International Archives of Occupational and Environmental Health

, Volume 82, Issue 10, pp 1211–1218

Indoor environment in dwellings, asthma, allergies, and sick building syndrome in the Swedish population: a longitudinal cohort study from 1989 to 1997

Original Article

DOI: 10.1007/s00420-009-0444-3

Cite this article as:
Sahlberg, B., Mi, YH. & Norbäck, D. Int Arch Occup Environ Health (2009) 82: 1211. doi:10.1007/s00420-009-0444-3



To investigate changes of sick building syndrome (SBS) and different types of indoor exposures at home over an 8-year follow-up period (1989–1997), and onset of SBS symptoms in relation to size of residence town and education level.


A random sample (0.1%) of the population in a 3-county region in Sweden, initially aged 20–65 years (n = 466). In total, 348 (75%) answered the postal follow-up questionnaire.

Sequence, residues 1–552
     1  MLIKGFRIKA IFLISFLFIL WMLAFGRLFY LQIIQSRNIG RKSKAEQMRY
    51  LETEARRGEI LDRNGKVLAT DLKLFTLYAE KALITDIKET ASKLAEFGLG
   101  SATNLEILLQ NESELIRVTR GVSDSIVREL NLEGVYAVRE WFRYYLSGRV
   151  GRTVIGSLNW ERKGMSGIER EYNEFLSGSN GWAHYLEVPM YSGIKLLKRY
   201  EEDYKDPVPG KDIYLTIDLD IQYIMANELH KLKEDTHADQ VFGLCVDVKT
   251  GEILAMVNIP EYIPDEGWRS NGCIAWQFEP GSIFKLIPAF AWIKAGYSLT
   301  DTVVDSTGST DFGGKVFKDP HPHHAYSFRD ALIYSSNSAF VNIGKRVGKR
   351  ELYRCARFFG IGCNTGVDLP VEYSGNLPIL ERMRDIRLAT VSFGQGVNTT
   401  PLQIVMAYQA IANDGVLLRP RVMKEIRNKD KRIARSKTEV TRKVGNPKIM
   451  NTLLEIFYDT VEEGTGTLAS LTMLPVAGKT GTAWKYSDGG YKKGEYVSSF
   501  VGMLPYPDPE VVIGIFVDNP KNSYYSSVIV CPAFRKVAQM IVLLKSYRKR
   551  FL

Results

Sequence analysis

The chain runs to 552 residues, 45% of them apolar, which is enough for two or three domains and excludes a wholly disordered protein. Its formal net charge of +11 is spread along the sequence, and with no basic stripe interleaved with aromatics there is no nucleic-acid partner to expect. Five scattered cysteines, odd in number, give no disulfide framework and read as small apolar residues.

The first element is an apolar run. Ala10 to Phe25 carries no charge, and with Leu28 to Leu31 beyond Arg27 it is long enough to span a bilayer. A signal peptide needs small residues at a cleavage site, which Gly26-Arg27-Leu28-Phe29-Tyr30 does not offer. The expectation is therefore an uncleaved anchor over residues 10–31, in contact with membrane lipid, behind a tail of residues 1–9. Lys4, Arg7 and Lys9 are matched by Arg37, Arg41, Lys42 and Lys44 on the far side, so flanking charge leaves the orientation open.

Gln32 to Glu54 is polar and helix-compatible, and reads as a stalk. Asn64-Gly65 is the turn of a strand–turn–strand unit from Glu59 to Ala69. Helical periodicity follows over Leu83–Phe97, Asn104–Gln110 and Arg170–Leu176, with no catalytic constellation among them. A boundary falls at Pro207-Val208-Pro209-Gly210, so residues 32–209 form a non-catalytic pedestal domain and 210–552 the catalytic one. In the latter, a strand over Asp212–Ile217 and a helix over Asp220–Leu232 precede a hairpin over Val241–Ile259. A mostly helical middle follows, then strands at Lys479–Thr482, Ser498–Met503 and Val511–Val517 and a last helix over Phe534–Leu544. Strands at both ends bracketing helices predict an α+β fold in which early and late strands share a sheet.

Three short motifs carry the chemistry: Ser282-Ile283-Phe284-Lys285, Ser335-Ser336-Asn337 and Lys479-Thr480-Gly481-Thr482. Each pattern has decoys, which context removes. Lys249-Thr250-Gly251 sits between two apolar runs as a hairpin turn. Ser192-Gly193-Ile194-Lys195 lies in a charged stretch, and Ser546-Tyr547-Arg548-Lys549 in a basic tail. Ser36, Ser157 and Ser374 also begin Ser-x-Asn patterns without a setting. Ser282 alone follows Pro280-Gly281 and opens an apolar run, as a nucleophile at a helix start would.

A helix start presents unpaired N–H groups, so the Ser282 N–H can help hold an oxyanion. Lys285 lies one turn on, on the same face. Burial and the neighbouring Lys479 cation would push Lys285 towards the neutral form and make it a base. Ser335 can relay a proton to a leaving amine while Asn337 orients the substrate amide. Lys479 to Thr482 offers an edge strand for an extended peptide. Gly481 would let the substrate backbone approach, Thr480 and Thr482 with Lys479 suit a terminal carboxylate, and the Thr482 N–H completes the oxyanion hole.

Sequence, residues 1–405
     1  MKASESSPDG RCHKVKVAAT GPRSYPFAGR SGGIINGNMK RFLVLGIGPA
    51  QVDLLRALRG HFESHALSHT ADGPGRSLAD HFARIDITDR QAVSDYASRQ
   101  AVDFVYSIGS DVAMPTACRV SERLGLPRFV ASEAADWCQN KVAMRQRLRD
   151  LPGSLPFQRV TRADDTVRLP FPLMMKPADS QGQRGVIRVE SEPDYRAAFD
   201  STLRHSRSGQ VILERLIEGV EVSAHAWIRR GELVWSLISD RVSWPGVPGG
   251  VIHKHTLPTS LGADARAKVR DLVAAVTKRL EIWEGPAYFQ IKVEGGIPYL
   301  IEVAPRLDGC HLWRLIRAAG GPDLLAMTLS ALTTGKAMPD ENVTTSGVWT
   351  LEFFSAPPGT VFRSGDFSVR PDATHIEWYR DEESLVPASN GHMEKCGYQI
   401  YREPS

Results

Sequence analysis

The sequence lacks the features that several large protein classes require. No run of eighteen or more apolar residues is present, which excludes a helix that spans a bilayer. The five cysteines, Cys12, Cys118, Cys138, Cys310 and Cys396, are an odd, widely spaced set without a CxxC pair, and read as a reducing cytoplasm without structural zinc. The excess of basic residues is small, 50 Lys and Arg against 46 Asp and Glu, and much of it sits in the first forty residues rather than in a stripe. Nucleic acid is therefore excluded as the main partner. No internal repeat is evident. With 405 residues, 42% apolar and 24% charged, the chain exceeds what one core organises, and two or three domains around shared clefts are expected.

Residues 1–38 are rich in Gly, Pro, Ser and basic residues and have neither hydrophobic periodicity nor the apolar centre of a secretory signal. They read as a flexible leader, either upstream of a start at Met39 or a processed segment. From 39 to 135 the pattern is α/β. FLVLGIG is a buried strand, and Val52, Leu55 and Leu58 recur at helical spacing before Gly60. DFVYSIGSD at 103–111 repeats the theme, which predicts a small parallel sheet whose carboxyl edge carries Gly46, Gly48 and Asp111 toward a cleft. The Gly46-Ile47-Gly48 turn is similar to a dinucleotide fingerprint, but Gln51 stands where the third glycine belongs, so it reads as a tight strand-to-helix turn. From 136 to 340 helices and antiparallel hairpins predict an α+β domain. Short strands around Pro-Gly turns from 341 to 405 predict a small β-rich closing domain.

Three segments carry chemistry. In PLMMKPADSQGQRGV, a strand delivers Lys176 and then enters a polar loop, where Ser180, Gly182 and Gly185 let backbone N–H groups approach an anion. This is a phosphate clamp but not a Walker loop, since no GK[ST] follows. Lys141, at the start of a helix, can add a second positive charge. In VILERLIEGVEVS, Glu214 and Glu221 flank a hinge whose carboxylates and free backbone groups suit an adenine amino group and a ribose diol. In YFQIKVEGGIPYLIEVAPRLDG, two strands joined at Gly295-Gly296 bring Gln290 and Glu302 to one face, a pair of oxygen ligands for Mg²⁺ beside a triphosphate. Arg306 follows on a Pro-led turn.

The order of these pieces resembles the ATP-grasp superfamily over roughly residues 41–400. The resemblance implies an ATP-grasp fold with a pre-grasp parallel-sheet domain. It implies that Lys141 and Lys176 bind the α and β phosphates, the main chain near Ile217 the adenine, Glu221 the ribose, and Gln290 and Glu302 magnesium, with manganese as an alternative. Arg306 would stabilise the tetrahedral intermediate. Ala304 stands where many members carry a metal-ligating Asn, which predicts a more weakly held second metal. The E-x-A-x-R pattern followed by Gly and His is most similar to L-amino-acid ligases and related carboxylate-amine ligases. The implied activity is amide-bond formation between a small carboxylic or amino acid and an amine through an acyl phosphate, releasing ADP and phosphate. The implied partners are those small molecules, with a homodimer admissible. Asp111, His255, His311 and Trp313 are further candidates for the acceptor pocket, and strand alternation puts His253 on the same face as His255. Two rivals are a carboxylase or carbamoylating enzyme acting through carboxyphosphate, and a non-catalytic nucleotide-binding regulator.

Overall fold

Water leakage during the last year had decreased from 11.2 to 4.8% visible indoor mould had decreased from 4.7 to 1.6%, and any sign of building dampness decreased from 16.1 to 9.5%. The prevalence of current smoking had decreased from 30 to 19%. Smokers at baseline reported more onset of SBS symptoms than non-smokers. Furthermore, remission from mucosal symptoms was less likely in subjects that were tobacco smoker. Subjects with any indoor painting during follow-up period reported more onset of SBS symptoms, and those with intermediate education level had more onset of skin symptoms.


Smoking and indoor painting could be predictors of new onset of SBS symptoms. Focus on indoor environment in Sweden the last decades may have resulted in environmental improvements in the dwellings, which can be beneficial both for the inhabitants and for the future public health.


AsthmaBuilding dampnessSick building syndromeIndoor environmentCohort studyRisk factors

Copyright information

© Springer-Verlag 2009

Authors and Affiliations

  1. 1.Department of Occupational and Environmental MedicineUppsala University Hospital and Uppsala UniversityUppsalaSweden